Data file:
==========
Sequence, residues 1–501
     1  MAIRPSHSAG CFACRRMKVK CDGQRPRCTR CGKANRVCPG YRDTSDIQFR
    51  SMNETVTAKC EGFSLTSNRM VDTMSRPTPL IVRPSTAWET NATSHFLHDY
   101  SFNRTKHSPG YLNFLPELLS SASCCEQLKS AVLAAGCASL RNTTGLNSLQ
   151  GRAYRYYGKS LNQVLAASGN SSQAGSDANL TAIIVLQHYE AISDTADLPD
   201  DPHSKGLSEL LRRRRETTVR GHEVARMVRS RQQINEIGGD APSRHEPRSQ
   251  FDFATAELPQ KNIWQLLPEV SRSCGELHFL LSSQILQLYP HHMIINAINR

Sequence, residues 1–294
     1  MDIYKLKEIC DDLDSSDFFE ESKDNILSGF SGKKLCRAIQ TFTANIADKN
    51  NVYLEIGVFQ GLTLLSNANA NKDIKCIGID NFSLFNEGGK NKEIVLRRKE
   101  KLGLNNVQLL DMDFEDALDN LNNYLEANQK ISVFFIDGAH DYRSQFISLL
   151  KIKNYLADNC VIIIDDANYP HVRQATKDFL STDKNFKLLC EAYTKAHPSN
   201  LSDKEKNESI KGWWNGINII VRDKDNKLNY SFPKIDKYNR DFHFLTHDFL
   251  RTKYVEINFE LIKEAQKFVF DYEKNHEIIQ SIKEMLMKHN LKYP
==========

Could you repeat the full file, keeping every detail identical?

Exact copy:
Sequence, residues 1–501
     1  MAIRPSHSAG CFACRRMKVK CDGQRPRCTR CGKANRVCPG YRDTSDIQFR
    51  SMNETVTAKC EGFSLTSNRM VDTMSRPTPL IVRPSTAWET NATSHFLHDY
   101  SFNRTKHSPG YLNFLPELLS SASCCEQLKS AVLAAGCASL RNTTGLNSLQ
   151  GRAYRYYGKS LNQVLAASGN SSQAGSDANL TAIIVLQHYE AISDTADLPD
   201  DPHSKGLSEL LRRRRETTVR GHEVARMVRS RQQINEIGGD APSRHEPRSQ
   251  FDFATAELPQ KNIWQLLPEV SRSCGELHFL LSSQILQLYP HHMIINAINR

Sequence, residues 1–294
     1  MDIYKLKEIC DDLDSSDFFE ESKDNILSGF SGKKLCRAIQ TFTANIADKN
    51  NVYLEIGVFQ GLTLLSNANA NKDIKCIGID NFSLFNEGGK NKEIVLRRKE
   101  KLGLNNVQLL DMDFEDALDN LNNYLEANQK ISVFFIDGAH DYRSQFISLL
   151  KIKNYLADNC VIIIDDANYP HVRQATKDFL STDKNFKLLC EAYTKAHPSN
   201  LSDKEKNESI KGWWNGINII VRDKDNKLNY SFPKIDKYNR DFHFLTHDFL
   251  RTKYVEINFE LIKEAQKFVF DYEKNHEIIQ SIKEMLMKHN LKYP